Jesse Pines Coauthors New Report on Disaster Preparedness

The Sept. 11, 2001 attacks in New York City prompted large increases in government funding to help communities respond and recover after man-made and natural disasters.  But, this funding has fallen considerably since the economic crisis in 2008. Furthermore, disaster funding distribution is deeply inefficient: huge cash infusions are disbursed right after a disaster, only to fall abruptly after interest wanes. These issues have exposed significant problems with our nation’s preparedness for public health emergencies.

In a report published by the Institute of Medicine, Jesse Pines, MD, director of the Center for Health Care Quality and associate professor of health policy at the George Washington University (GW) School of Public Health and Health Services (SPHHS) and his co-authors offer some recommendations aimed at strengthening the nation’s response to the next public health crisis. Pines also serves as the director of the Office of Clinical Practice and Innovation at the GW School of Medicine and Health Sciences.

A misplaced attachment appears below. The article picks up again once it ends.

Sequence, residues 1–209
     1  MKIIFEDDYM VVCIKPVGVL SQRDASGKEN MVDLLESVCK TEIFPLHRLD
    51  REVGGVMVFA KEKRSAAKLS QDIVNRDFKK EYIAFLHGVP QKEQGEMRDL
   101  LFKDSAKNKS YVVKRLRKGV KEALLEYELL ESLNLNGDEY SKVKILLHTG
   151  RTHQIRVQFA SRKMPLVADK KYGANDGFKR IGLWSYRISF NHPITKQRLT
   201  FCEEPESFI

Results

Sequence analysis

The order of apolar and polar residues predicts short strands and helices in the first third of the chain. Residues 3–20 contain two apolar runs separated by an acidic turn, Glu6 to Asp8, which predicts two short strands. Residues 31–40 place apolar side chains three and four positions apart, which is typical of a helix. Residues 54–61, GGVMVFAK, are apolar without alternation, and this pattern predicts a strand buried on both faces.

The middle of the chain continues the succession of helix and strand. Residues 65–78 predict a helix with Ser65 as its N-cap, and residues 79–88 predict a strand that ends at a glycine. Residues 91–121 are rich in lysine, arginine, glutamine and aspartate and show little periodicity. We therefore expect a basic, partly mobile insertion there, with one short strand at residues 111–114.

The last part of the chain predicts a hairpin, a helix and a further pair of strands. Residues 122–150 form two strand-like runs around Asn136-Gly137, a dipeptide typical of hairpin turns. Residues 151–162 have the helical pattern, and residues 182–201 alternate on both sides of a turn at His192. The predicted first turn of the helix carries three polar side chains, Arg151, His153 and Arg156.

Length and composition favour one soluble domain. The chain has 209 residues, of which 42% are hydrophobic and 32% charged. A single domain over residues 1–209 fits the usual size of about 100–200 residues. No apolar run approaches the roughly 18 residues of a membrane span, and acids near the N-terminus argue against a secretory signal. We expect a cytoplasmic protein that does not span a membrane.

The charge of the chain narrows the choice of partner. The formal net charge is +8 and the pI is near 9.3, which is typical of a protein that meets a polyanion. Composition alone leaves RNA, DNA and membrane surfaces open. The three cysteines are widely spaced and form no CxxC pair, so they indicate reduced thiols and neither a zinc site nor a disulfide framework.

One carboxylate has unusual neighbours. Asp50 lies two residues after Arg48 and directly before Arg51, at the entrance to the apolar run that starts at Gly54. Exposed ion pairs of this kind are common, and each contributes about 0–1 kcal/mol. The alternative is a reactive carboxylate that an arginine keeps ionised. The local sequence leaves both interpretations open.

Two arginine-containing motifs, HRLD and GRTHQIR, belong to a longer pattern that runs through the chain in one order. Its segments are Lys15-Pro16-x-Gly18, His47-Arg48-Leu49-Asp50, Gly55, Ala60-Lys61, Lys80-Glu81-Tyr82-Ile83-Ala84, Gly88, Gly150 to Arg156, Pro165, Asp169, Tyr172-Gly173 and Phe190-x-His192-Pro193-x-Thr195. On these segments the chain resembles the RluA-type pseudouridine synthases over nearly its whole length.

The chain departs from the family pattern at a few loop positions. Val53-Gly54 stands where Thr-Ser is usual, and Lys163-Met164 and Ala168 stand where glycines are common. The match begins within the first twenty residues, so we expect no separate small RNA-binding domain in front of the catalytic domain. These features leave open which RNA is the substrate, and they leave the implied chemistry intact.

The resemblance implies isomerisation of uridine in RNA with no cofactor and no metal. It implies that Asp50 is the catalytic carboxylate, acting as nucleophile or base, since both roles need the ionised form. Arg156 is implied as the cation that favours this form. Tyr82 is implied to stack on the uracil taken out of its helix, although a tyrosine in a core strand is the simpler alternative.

The study, titled “Value-Based Models for Sustaining Emergency Preparedness Capacity and Capability in the United States,” was published by The Institute of Medicine Preparedness Forum.

Learn more here.